Flower Mound issues $30.5 million in bonds to pay for road, park and utility projects

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Flower Mound Town Hall, photo courtesy of the town of Flower Mound

On Monday night, the Flower Mound Town Council proved the song “Money Makes the World Go ‘Round” from the show “Cabaret” is accurate … especially when it comes to government funding.

Flower Mound Deputy Town Manager/CFO Debra Wallace presented the town’s notice of intent to issue its Certificates of Obligation, Series 2019, in the principal amount of $30,500,000 regarding Capital Improvements and Debt Issuance.

“We have an annual process that we follow each year,” said Wallace.

In August/September, the Capital Improvement Programs (CIP) budgets are presented and approved for projects and the funding sources.

The 2018-19 approved CIP budget was $51,792,000 for 32 general projects, including: 13 street; two traffic signal; four facility and nine park projects; as well as 18 utility projects– 13 water; two stormwater; and, five wastewater projects.

In October/November, the reimbursement resolution is required to award the projects.

Each spring, town staff reviews the projects to be funded by debt and make deferral recommendations and possible funding-source changes.

Then, in June/July, debt is issued, if needed.

Following her presentation, Wallace explained how the funding for items previously approved is decided in response to Mayor Pro Tem Sandeep Sharma’s questions.

Council member Jim Pierson added that he wasn’t understanding how the funding for projects is tracked and why issue Certificates of Obligation (COs) instead of holding bond elections.

“We’re spending money that someone else has approved,” said Pierson. “I’m really uncomfortable with that.”

He added that he got elected for his “why not pay-as-you-go” mentality about not issuing debt. He asked why issue COs, rather than General Obligation Bonds (GO Bonds) that people vote to approve or not.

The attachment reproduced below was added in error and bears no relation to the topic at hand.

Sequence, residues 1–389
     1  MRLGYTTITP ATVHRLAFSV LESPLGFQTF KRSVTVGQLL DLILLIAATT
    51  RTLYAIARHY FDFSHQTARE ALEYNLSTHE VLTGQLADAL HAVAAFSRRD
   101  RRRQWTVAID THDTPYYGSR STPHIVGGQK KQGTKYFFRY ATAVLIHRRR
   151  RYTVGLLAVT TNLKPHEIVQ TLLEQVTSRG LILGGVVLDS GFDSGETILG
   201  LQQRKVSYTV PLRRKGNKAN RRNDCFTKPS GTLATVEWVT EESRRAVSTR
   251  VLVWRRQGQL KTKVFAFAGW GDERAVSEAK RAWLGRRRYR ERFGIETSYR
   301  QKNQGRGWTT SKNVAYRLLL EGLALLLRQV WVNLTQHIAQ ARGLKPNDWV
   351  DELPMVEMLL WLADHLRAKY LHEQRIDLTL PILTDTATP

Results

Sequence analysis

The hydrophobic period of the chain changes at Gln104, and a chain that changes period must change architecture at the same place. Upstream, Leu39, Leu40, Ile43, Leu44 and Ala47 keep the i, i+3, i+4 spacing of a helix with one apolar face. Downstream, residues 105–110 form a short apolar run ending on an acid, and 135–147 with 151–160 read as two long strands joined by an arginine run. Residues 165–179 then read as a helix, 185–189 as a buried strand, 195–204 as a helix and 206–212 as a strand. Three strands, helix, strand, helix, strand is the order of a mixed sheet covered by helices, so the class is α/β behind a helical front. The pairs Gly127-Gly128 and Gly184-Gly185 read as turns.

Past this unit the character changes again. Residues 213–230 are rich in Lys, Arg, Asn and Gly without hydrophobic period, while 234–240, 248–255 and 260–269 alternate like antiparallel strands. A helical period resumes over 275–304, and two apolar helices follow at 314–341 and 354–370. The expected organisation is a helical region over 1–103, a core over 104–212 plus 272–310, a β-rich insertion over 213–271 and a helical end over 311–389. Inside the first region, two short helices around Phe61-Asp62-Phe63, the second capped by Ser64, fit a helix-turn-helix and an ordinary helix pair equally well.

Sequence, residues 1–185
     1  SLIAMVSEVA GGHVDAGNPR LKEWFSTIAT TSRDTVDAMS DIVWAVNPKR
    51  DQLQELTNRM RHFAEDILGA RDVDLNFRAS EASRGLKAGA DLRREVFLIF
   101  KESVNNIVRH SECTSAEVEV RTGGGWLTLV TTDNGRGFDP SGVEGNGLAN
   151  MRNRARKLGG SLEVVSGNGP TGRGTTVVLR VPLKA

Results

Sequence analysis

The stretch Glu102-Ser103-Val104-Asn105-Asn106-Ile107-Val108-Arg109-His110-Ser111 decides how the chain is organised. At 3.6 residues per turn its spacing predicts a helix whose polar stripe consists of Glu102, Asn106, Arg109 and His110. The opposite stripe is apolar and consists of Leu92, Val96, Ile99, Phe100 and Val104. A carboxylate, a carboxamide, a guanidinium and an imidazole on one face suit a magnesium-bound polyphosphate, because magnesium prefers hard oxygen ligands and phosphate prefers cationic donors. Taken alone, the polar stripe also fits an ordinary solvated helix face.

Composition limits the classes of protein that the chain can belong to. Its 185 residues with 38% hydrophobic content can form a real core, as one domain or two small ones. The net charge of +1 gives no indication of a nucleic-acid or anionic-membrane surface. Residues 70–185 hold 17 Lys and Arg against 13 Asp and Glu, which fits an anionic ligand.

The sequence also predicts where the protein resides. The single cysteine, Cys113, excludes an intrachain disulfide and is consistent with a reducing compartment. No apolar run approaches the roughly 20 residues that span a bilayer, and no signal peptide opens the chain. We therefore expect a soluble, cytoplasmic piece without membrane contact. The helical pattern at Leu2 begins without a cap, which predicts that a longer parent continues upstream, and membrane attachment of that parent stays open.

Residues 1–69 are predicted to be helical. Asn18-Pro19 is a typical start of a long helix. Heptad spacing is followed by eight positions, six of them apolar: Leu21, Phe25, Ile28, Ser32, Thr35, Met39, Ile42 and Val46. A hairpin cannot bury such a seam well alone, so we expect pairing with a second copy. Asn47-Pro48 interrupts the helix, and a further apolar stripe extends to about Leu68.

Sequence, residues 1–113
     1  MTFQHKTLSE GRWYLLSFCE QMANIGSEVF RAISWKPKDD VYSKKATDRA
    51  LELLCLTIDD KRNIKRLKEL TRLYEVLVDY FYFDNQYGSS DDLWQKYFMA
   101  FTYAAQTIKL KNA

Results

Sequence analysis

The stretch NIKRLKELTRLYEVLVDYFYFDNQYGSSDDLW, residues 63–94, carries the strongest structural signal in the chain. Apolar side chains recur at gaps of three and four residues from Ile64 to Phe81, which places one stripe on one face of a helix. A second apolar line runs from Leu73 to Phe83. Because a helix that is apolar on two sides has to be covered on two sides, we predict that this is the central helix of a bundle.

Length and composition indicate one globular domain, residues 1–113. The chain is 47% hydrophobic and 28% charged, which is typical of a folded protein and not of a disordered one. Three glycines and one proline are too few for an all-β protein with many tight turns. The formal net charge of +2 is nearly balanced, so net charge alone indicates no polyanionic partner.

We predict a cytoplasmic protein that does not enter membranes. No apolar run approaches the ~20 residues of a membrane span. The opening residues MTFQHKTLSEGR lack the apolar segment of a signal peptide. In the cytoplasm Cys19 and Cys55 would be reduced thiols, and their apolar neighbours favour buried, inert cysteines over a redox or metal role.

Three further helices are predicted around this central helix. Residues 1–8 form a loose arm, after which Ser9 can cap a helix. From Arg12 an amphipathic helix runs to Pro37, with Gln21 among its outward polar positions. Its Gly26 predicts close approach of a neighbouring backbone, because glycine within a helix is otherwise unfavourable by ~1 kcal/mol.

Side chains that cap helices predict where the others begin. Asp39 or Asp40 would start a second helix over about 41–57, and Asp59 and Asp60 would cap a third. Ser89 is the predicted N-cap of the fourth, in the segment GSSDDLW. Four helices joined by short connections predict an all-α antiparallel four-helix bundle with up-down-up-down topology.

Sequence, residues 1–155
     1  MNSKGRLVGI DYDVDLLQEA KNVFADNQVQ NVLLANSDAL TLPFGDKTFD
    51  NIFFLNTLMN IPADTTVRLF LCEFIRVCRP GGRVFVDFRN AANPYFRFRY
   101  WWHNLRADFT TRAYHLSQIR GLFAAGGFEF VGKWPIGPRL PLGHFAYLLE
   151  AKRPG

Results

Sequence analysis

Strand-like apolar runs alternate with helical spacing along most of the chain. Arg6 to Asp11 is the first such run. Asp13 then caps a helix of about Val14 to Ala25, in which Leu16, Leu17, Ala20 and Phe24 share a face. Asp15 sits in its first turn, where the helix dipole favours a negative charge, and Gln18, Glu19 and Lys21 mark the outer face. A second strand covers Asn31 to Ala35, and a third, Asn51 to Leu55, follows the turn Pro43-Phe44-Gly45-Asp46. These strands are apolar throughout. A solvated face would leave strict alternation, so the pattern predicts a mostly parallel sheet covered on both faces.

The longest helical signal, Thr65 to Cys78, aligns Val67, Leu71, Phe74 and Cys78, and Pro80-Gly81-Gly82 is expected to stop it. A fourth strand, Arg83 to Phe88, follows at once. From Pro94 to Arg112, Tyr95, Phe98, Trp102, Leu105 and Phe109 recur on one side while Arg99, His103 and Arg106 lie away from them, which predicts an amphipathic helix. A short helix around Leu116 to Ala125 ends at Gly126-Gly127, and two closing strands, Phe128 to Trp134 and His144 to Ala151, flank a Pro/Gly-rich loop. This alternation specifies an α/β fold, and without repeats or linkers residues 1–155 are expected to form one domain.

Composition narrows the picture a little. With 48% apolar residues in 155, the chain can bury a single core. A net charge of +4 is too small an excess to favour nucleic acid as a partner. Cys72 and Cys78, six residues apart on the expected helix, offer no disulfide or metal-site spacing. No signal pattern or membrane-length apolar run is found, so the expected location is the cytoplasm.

“Bond elections aren’t that much [money] to have during a May [general municipal] election,” said Town Manager Jimmy Stathatos. “But, to hold one in November can cost the town $30,000 to $40,000 dollars.”

Finally, town financial consultant John Martin of Hilltop Securities came forward and gave a thumbnail tutorial on municipal money management.

He explained that issuing COs with a lower current interest rate is less impactful than going before the voters with GO Bonds. That approach is more conservative and one of the reasons for Flower Mound’s high rating.

Mayor Steve Dixon added that municipal finances are different than business and corporation financials.

“It isn’t like balancing your checkbook,” he said.

Eventually, Sharma moved to approve the item, which passed 3 to 1, with Pierson as the only nay. Deputy Mayor Pro Tem Claudio Forest was absent.

Also discussed during the council meeting was the recent discovery of a number of dockless electric scooters in town, similar to approximately 200 scooters dropped in Frisco.

The scooter riders use a credit card to activate the scooter for use as a mode of transportation “for that final mile” to get where a regular vehicle can’t go– such as from one end to the other of a corporate or college campus.

“But, these aren’t like electric wheelchairs, which are privately-owned, or a Segue, which gets returned to the original location,” said Town Attorney Bryn Meredith.

He said town staff asked him to research the options for regulating– or prohibiting completely– the scooters.

“My finding is essentially, we have full-discretion to regulate our rights-of-way,” said Meredith.

Considering that the town currently has no large corporation campus locations, plus both the North Central Texas College (NCTC) and Midwestern State University (MSU) campuses consist of single buildings with adjacent parking lots each, electric scooters seem unnecessary.

Mayor Steve Dixon said discussion on the item could be scheduled for a future strategic planning session.

Certificates of Obligation Series 2019

Street Projects:
ADA Transition Plan and Implementation – $500,000
FM 1171 at River Walk Drive Intersection Improvements – $600,000
Morriss Road Improvements – $125,000
Roadway Amenities – $90,000

Signal Projects:
FM 407 at Browning – Reconstruction – $300,000
Traffic Detection Rehabilitation – $125,000

Facility Projects:
Fire Station No. 1 Facility Upgrades – $150,000
Fire Station No. 7 and Apparatus (Wichita Trail) – $4,450,000
Gibson-Grant Log Cabin Reconstruction – $507,000

Water Projects:
FM 2499 12-Inch Water Line Phase I (Dixon to South of FM 1171) – $900,000
High Road Water Line Replacement Phase II – $350,000
Kirkpatrick Lane 12-Inch Water Line Phase II (Valley Ridge – FM 1171) – $700,000
Morriss Road Water Lines Phase I (Garden to Forest Vista) – $900,000
Pintail Pump Station (Auxiliary Power & Upgrades) – $730,000
Red Bud Point Water Service Relocation – $775,000

Wastewater Projects:
Upper Timber Creek Interceptor Phase III (FM 1171 to Hidden Forest Drive) – $ 1,700,000
Upper Timber Creek Interceptor Phase IV (Hidden Forest Drive to Oak Street Lift Station) – $3,350,000
Wastewater Treatment Plant Rehabilitation Phase V (Sludge, Holding and Thickening) – $11,000,000
Wastewater Treatment Plant Ultraviolet System Update – $2,750,000

Grand Total of Debt Issuance – $30,500,000

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Lyn Rejahl Pry

Lyn Pry is the Editor of The Cross Timbers Gazette.

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